Dallas Willard. Pioneer for the renewal of spiritual formation in the contemporary church.
Can you tell the difference between someone who says that they are a Christian, and someone who is not?
The Apostle Paul challenges us:
Examine yourselves, to see whether you are in the faith. Test yourselves. Or do you not realize this about yourselves, that Jesus Christ is in you?—unless indeed you fail to meet the test! (2 Corinthians 13:5, ESV)
Whoa. I am not sure I like this type of test. Do you meet the test? Or does it only apply to the really “spiritual” people out there?
The existence of many people who are Christian “in name only” is a serious problem in the contemporary church, even among so-called “Bible-believing” congregations. Dallas Willard, who died on May 8, 2013, believed that he had pinpointed the source of the problem. Continue reading
In 2 Corinthians 10 Paul responded to attacks against his ministry and his person. He acknowledged that he was “timid when face to face” (v. 1), and that people were saying, “His letters are weighty and forceful, but in person he is unimpressive and his speaking amounts to nothing” (v. 10).
It occurred to me this week, while thinking about Paul, that I had seen and heard someone who fit the description of being a less-than-impressive speaker, but having a powerful message that touched mankind. Her name was Agnes Gonxha Bojaxhiu, and she was often called ‘diminutive’. And like Paul she had detractors. But she had the courage of her convictions and she was able to demonstrate the mercy and love of Jesus Christ in incredible ways. And for that she was memorable.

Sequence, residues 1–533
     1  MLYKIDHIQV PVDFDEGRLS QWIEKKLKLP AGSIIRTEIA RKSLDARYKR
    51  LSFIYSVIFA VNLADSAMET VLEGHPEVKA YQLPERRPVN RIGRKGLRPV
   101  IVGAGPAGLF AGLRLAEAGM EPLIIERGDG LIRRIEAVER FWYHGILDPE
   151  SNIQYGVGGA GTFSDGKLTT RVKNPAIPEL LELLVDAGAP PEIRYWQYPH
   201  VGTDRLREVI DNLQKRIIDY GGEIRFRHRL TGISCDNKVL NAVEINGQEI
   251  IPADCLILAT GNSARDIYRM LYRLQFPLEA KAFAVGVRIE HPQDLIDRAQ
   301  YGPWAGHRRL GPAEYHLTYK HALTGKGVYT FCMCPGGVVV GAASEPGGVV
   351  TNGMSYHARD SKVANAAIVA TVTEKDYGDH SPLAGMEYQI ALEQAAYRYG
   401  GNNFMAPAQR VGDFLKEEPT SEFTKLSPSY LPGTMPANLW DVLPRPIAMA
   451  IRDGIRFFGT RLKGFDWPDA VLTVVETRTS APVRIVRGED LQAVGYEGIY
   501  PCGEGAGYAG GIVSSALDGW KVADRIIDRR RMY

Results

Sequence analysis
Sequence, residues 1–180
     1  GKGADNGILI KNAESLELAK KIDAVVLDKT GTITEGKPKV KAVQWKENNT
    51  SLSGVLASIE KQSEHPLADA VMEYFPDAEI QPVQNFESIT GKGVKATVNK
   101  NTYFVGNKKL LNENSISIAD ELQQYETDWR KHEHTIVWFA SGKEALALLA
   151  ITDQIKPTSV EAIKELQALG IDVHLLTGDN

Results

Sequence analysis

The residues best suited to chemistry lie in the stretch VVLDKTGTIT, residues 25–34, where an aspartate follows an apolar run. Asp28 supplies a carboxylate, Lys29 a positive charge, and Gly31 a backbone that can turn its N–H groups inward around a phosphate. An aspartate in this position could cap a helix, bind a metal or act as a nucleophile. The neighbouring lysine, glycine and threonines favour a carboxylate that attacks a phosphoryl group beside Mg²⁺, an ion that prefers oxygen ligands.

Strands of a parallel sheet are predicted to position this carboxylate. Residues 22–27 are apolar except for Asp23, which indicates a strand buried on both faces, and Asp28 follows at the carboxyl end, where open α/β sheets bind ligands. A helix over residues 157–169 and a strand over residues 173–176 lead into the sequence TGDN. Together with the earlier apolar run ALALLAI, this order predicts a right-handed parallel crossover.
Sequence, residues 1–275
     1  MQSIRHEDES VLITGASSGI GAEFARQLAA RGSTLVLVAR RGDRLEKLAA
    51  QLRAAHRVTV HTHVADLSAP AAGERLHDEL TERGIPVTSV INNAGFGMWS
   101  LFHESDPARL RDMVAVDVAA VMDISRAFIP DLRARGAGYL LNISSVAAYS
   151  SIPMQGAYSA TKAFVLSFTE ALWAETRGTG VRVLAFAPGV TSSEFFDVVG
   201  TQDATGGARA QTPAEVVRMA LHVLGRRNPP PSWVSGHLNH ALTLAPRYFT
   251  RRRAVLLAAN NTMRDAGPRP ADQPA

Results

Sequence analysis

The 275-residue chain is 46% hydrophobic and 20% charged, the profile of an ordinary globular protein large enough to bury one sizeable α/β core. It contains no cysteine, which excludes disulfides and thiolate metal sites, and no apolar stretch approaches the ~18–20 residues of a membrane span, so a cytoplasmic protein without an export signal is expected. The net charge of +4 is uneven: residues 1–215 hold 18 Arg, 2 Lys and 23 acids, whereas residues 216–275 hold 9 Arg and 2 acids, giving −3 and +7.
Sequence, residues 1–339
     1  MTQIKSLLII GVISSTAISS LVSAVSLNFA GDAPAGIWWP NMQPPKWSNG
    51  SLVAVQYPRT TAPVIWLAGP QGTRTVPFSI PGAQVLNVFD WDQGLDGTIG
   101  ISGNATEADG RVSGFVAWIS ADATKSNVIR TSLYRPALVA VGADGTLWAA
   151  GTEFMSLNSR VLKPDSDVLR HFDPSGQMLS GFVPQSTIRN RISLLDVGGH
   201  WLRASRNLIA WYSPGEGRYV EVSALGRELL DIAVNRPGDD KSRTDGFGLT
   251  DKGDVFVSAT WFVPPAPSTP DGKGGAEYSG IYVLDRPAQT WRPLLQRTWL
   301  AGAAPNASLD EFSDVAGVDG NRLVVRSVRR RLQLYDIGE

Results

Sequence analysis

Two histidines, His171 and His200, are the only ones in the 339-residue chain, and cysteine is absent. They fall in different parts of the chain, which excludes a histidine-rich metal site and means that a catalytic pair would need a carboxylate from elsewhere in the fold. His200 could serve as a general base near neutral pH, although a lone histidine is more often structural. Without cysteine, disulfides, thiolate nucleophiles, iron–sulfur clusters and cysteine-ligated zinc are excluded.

In 1994 she gave a speech at the National Prayer Breakfast, attended by President Bill Clinton and a room full of dignitaries. I remember that I could barely see her head above the podium, could barely make out what she was saying above the acoustics in the room, and that nevertheless she received a standing ovation. It’s difficult to watch her speech (below) in some respects because she was not an impressive speaker. But don’t miss the last minute when she stepped down from the podium.
So what did she say? Here’s the impressive part—her transcript. Many parts of her message confronted the views of the powerful people in the room, but she delivered it passionately anyway, to please an audience of one. She had lived through unspeakable suffering to develop her message. It’s the living Gospel ,with mandates and complete conviction. Mother Teresa really walked the walk. And she had a lot in common with the Apostle Paul.
Here’s a photograph of two renowned women—one was a beautiful lady who brought peace and joy to millions of people, and the other was a princess.